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Pressure on advisers to sharpen crypto knowledge

Coalition Senator Andrew Bragg may have become a hero to digital asset and cryptocurrency enthusiasts in Australia and around the world. The release last week of the Senate Select Committee on Australia as a Technology and Financial Centre’s Final Report flagged a number of recommendations that will further the legitimacy of the burgeoning sector.

The profile of a typical financial adviser in Australia is male, and over 50 years of age, by no means at the centre of the current cryptocurrency boom that has seen the price of Bitcoin consistently reach new all-time highs. On the whole, it is the younger cohorts that are embracing the decentralisation of the financial system, yet the proposals put forward may force advisers to invest some time understanding the sector.

According to the report, some 25 per cent of Australia’s 25 million people have held or continue to hold cryptocurrencies. The lack of regulation, combined with concerns from compliance teams, legal offers, and professional indemnity insurers has made it difficult for advisers to embrace the sector, despite the track record of embracing innovative products including exchange-traded funds.

Australian cryptocurrency marketplace and educator Cointree has said that the inquiry marks a key milestone in Australia’s relationship with digital assets, which will play an increasingly significant role over the coming decades.

“It’s clearly a sign that the industry is maturing,” says CEO Shane Stevenson.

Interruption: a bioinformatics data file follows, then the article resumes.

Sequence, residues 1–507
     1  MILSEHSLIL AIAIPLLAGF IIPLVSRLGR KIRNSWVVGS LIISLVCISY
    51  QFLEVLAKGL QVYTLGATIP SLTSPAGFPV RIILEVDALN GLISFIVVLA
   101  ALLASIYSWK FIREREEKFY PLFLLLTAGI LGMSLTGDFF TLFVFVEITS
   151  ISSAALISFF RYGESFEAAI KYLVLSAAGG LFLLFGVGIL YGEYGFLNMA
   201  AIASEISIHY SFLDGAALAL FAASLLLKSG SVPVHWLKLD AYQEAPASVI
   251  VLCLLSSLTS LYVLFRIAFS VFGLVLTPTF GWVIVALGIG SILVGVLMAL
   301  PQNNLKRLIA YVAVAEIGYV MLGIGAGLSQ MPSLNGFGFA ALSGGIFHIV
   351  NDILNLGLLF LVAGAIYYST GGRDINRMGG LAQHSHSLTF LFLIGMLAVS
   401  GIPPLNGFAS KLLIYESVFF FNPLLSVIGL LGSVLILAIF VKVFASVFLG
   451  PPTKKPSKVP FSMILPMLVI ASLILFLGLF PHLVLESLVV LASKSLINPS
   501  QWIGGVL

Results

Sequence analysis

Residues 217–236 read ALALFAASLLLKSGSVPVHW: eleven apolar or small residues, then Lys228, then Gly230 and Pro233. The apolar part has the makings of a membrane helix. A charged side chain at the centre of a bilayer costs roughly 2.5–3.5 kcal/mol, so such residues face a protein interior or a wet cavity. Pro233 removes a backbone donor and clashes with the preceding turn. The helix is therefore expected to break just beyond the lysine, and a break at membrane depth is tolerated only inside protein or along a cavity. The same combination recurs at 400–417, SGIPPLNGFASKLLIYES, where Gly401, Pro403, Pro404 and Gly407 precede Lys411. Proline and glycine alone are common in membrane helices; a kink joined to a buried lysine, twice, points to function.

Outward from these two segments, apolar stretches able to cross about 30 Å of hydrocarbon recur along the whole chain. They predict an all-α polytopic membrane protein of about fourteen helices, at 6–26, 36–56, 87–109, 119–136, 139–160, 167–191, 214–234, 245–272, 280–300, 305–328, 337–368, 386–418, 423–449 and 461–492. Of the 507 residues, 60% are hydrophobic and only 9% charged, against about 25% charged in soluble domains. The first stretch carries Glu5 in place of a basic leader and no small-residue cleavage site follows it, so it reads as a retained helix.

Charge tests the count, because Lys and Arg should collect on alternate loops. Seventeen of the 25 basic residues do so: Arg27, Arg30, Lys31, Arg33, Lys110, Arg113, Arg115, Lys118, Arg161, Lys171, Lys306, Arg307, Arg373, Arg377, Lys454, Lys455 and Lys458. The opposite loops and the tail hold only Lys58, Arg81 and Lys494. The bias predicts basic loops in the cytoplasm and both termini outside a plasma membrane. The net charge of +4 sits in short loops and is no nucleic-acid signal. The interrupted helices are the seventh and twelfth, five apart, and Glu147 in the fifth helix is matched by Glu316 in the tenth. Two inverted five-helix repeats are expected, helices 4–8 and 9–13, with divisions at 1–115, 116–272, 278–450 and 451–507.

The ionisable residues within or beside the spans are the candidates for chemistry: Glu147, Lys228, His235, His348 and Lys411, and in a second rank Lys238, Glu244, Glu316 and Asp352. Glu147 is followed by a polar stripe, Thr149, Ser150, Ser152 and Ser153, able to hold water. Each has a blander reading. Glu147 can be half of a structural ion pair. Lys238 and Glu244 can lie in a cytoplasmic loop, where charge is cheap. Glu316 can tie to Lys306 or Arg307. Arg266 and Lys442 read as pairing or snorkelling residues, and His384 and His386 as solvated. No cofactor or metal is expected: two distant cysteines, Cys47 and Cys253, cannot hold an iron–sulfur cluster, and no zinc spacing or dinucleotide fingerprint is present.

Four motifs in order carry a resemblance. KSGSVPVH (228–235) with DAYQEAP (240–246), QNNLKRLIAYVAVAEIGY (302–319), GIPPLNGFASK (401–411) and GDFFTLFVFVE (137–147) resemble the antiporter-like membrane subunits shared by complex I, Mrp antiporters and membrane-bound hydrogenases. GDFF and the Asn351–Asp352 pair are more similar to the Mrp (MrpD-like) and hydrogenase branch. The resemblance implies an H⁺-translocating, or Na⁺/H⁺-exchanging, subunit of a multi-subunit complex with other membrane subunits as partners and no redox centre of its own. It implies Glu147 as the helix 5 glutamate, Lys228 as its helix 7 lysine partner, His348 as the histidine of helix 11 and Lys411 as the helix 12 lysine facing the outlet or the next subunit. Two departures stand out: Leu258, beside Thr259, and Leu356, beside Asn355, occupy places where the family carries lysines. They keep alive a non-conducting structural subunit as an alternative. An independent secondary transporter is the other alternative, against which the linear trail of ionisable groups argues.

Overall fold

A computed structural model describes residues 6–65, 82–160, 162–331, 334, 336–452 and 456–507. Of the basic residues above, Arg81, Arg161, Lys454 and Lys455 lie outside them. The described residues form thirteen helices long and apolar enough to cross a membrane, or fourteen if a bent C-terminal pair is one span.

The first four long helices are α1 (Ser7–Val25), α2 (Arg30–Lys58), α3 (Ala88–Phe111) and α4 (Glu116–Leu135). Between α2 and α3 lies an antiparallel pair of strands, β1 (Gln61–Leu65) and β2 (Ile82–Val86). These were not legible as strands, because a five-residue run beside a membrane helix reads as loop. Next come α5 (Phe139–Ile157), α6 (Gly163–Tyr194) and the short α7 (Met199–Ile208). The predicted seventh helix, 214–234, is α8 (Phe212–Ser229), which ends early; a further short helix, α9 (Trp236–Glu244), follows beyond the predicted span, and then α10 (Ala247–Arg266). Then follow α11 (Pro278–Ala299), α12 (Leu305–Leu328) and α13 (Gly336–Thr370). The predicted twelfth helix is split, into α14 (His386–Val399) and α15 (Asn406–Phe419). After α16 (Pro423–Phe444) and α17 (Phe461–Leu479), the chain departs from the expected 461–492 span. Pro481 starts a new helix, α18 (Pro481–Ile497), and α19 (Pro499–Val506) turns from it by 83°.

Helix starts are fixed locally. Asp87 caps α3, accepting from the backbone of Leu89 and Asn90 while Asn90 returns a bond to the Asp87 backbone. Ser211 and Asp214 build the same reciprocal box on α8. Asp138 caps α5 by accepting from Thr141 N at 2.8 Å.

The recommendations, and they are only recommendations at this point, stand to benefit both investors, prospective asset managers, and advisers, instilling greater confidence in security and transparency. The establishment of a “market licensing regime,” not unlike the Australian Stock Exchange, for digital currency exchanges is a clear plank of this. This entity will seek to apply capital adequacy, auditing, and responsible person tests as they would any other marketplace.

Stevenson says, “while it’s good progress for crypto exchanges like Cointree, more importantly, the inquiry is great news for crypto traders. As the report mentioned, 25 per cent of Australians have traded crypto, and more clarity around regulations is going to give them more protections as consumers.”

The committee also recommended the government establish a custody and depository regime for digital assets, with minimum standards, which has been a common concern expressed over recent years by professional investors. Of most interest to advisers will be the commitment to conduct a “token mapping exercise,” or what will ultimately become a catalogue of digital assets of all kinds.

“If these new regulations are implemented, it will allow larger institutions like pension funds to enter the space with more significant mandates. If these institutions allocate even a small percentage of their portfolios toward crypto, it will likely drive crypto prices much higher,” Stevenson suggests.

Whilst the majority of Australia’s funds and exchanges operate with access to a licensing regime, not all do, with expectations the implementation of these recommendations will further “weed out any undesirable players.”

One of the more interesting proposals was to offer a company tax rate discount of up to 10 per cent for those crypto-mining organisations that source renewable energy.

Ultimately, this shows a forward-looking government and a prompt for advisers to start to research the sector more widely.

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